In my Star Trek fanfiction, Tricoulamine started off as a kind of garden-variety nerve toxin. It’s meant to be, in some ways, what a criminal would get as a lethal injection. Or it’s like the cyanide pills that you see in spy movies.
As I progressed with writing fan fiction, I found it was useful for a few other purposes. For one thing, it comes in several forms. For humans, it’s either in tablet or injected form. For Klingons – and it’s not fatal to them; it just knocks them out – it’s a sand-colored gas. For Calafans, it occurs naturally in their environment, and is meant to be akin to a form of cyanide being found in peach pits.
It first shows up in Reversal (injectible form), then in Intolerance (gas), then in Temper (naturally occurring), then in Fortune (tablet), then in Escape and The Point is Probably Moot (both times, it’s a tablet. Escape contains a missing scene from The Point). In Fortune and The Point, it’s understood that it is particularly difficult to get if you’re not a physician. However, since it occurs naturally in the environment of the Lafa System, if humans settle there, then there is the potential for people to obtain it without a prescription.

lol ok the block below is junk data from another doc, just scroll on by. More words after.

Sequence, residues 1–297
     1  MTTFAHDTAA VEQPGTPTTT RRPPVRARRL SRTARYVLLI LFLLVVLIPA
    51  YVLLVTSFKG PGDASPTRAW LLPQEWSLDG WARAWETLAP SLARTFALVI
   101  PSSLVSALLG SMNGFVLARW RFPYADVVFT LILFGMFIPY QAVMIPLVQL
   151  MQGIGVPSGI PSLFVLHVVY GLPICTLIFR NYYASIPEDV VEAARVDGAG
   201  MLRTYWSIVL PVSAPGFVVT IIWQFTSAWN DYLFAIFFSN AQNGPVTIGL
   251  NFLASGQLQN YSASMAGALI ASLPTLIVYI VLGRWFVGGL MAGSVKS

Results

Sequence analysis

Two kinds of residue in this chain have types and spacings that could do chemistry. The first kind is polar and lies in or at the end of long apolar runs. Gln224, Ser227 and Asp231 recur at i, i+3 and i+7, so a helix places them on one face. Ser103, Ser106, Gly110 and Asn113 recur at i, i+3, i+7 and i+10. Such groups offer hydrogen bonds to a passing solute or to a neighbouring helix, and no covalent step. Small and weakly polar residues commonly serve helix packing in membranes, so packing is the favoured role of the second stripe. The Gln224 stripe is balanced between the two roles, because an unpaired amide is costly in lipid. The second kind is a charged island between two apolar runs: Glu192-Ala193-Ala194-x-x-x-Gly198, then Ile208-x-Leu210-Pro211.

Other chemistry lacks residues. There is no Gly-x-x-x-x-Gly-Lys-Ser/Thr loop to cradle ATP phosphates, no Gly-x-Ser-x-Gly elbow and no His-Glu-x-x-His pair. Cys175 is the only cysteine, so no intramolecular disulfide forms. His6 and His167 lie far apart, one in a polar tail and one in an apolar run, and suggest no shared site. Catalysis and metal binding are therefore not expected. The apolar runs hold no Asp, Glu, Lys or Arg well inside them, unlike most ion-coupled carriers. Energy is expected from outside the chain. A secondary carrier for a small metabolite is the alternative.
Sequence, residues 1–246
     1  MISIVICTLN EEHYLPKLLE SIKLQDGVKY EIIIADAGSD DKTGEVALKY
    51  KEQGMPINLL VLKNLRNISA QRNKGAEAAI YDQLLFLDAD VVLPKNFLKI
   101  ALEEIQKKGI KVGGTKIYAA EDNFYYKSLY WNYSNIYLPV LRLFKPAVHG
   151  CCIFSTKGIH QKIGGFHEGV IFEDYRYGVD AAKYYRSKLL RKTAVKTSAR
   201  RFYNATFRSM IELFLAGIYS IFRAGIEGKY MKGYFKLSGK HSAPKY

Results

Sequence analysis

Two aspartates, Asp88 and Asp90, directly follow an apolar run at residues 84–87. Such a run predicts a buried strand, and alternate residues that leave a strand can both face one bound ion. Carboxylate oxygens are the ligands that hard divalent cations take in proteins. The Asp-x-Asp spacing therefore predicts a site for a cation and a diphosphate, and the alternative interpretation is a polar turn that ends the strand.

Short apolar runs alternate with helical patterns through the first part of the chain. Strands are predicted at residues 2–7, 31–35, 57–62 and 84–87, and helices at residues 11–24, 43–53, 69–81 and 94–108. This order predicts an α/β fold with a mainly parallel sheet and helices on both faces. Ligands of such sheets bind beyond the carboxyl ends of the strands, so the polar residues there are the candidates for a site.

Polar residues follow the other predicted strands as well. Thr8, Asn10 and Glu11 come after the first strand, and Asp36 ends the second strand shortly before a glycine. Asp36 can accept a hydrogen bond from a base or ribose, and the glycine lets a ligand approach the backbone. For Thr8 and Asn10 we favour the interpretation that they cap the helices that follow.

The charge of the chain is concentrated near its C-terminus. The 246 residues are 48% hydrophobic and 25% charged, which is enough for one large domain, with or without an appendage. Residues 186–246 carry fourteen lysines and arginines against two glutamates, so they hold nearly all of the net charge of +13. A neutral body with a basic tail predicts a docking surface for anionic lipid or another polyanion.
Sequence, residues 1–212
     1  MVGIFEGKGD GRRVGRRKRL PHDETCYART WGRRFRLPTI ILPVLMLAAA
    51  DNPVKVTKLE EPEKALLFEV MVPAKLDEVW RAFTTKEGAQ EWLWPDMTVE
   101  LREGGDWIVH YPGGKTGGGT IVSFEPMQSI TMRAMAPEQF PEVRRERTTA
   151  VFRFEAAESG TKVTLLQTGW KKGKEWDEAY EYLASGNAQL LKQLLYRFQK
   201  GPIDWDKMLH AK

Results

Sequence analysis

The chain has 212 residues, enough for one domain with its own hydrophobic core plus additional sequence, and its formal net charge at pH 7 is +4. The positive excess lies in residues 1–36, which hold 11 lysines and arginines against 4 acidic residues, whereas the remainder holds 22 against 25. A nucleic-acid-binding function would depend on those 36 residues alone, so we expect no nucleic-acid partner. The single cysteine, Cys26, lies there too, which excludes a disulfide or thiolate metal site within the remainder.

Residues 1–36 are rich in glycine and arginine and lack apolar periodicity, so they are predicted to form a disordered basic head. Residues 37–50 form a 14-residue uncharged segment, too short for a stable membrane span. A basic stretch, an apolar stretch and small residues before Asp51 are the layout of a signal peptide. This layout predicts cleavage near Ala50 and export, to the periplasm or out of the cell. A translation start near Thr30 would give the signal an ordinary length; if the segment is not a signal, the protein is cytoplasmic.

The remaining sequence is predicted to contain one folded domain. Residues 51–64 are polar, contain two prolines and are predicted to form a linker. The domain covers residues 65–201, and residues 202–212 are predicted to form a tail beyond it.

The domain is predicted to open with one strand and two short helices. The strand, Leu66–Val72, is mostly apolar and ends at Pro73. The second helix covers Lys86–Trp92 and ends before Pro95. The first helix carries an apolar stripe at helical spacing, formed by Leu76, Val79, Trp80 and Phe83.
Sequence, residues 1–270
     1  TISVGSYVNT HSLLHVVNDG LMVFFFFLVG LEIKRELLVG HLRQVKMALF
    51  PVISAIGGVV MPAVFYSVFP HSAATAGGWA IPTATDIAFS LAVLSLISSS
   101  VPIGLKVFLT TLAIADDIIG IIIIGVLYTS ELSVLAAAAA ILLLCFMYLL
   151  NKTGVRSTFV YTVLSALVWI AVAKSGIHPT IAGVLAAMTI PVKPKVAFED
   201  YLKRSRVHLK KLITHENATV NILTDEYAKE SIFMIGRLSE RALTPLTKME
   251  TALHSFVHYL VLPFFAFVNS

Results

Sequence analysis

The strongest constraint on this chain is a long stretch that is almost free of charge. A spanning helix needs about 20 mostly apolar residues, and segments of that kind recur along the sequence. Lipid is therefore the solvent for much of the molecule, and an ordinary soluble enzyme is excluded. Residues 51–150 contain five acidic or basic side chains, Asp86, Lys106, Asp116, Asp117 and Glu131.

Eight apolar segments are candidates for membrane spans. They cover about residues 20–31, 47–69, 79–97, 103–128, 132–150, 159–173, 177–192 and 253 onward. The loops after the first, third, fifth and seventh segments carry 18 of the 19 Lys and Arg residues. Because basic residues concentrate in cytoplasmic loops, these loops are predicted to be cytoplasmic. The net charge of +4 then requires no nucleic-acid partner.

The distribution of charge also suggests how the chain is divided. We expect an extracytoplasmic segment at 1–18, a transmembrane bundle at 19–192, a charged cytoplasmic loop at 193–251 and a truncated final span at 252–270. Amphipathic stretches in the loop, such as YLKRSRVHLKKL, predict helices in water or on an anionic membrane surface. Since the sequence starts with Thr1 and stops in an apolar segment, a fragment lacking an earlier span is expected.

The name is, in part, meant to reflect the poisoned grain from The Trouble With Tribbles episode for TOS, quadrotriticale.
For Klingons, it just knocks them out, and is not harmful. It’s unclear how long the unconscious state lasts. In Intolerance, the Klingons are out for a few days or so, but they are already in a weakened state, so it’s unclear.
For humans, it hits your digestive tract or bloodstream and you’re a goner. Fortunately, it’s fast enough that there is little to no pain. In Temper, a human victim of tricoulamine poisoning appeared to be sleeping.
It is unknown how it affects other species, and since it occurs naturally in their environment, it’s possible that it doesn’t affect Calafans at all.
It can be pronounced as either tri-coo-la-meen or tri-coh-la-meen.